Two Styles of Chinese Characters

In the second part of this column on the Chinese language, we would like to explain as comprehensively as possible the difference between simplified and traditional Chinese characters, which we touched upon briefly at the end of the last column.

How Simplified Chinese Began

Chinese was originally all written in traditional Chinese characters. However, when the People’s Republic of China was established in the middle of the 20th century, a movement to spread written Chinese widely among its citizens was born. However, because traditional Chinese characters were quite difficult to learn, simplified Chinese characters were created and diffused in the 1950s with the intent of lessening the burden on the people as much as possible.

The Difference Between Simplified and Traditional Chinese Characters

What is the difference between traditional Chinese characters, which have been used since the age of Chinese emperors, and the new, simplified characters that were born after there were no longer any emperors in the country? As you can imagine from the name, “simplified” Chinese characters are just that—a simplified version of traditional Chinese characters. As a result of the reduction in the number of strokes used, the characters came to look quite different from the original. However, they have indeed been changed to make writing easier.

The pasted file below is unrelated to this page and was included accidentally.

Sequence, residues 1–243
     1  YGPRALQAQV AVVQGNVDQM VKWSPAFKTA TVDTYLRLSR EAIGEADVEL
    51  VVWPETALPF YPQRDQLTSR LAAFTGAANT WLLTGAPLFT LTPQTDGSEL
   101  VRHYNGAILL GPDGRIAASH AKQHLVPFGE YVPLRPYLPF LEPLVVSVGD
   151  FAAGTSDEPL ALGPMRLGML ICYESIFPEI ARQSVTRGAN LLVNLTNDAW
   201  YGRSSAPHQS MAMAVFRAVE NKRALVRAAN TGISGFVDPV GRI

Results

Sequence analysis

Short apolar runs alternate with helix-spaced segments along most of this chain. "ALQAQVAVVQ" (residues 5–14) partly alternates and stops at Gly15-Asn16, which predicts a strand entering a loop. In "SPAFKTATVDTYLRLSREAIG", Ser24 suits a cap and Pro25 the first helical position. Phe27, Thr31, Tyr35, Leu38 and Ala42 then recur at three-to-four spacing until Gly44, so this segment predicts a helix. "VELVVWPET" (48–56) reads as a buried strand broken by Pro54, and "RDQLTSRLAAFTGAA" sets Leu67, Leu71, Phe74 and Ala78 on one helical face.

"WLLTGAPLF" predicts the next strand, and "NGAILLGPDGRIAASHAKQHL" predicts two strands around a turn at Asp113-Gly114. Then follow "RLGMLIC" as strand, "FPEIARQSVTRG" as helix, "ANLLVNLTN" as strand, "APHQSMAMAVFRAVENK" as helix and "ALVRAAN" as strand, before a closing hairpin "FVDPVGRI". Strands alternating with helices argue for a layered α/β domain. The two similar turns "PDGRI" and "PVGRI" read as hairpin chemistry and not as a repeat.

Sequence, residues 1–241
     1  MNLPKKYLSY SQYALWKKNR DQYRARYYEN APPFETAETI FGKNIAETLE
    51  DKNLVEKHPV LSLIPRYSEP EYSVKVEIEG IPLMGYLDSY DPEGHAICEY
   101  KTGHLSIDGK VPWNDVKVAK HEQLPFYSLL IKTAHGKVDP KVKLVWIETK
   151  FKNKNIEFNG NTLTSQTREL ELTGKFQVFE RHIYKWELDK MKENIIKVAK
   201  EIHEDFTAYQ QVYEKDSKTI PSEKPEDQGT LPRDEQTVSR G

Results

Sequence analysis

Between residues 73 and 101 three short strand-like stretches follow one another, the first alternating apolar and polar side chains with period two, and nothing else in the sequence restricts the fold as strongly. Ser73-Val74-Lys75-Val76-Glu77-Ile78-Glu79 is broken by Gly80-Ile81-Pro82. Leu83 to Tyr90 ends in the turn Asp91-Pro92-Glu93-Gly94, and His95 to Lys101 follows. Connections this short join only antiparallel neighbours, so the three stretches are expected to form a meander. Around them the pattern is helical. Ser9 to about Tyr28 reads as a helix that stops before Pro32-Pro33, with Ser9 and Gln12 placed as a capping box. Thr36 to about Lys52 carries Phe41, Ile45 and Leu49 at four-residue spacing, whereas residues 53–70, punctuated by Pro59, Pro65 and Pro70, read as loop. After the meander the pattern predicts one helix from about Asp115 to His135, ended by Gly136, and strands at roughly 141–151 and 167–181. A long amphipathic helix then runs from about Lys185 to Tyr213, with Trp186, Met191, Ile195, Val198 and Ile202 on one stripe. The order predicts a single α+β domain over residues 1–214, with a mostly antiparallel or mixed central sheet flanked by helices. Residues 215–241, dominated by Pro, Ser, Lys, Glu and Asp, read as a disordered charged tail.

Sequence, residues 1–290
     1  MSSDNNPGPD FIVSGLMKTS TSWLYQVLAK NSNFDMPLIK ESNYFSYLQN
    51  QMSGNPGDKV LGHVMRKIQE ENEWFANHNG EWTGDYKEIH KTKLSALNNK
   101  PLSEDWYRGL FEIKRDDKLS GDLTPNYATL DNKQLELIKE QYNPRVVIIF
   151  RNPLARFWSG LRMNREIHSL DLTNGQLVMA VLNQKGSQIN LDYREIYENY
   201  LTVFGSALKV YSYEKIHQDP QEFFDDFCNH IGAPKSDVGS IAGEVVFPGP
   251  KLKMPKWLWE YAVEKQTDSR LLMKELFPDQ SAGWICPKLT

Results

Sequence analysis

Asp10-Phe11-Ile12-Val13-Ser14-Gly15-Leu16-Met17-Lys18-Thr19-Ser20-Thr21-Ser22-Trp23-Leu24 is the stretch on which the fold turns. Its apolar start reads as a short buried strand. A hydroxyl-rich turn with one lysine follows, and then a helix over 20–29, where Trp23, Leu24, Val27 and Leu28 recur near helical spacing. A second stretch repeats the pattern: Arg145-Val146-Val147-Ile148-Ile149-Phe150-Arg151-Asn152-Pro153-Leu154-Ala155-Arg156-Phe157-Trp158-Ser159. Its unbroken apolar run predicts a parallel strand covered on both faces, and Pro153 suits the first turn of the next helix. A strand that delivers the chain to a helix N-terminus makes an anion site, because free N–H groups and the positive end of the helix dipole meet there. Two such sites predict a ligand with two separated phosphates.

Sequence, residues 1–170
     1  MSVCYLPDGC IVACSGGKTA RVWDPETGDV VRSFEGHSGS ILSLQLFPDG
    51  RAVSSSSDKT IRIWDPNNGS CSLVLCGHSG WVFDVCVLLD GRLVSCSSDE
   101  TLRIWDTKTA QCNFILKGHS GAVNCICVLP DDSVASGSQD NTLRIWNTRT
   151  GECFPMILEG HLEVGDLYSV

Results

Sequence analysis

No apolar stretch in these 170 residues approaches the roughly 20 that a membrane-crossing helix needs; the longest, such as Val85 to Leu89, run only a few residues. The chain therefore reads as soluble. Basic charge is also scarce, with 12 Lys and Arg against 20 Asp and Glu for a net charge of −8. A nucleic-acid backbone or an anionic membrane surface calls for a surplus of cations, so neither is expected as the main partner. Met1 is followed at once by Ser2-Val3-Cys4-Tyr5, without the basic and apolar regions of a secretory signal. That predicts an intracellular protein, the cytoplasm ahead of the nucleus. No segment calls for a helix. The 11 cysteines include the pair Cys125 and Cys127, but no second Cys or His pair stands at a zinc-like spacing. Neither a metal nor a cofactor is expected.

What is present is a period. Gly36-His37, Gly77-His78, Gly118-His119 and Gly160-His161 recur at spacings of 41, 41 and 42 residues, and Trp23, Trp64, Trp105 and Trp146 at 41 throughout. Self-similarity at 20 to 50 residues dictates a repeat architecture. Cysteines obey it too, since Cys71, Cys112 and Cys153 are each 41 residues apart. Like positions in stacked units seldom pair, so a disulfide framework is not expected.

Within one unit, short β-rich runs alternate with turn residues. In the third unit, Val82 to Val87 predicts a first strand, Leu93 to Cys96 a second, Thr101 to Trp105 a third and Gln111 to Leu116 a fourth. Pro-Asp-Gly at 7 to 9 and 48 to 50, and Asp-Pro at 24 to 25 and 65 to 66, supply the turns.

How much have they changed? Here are some examples that show this clearly.

Simplified Chinese: 台湾、数学、广东、欢迎
Traditional Chinese: 臺灣、數學、廣東、歡迎
Japanese: 台湾、数学、広東、歓迎

Simplified Chinese Characters Today

How are simplified and traditional Chinese characters used? Simplified Chinese characters are used today in mainland China and Singapore, while traditional Chinese characters are used in Hong Kong, Macau and Taiwan. Particularly in Taiwan, where its use is forbidden and they continue to use traditional Chinese characters, probably because they consider simplified Chinese characters to be symbolic of the Chinese Communist party. There is something profound in the fate of Chinese characters, which was split in two for political reasons.

In the Next Issue

Do you now understand the difference between simplified and traditional Chinese characters? Next time, we will take a look at the difference between written and colloquial Chinese, explained in an easy to understand manner using actual examples. Don’t miss it!

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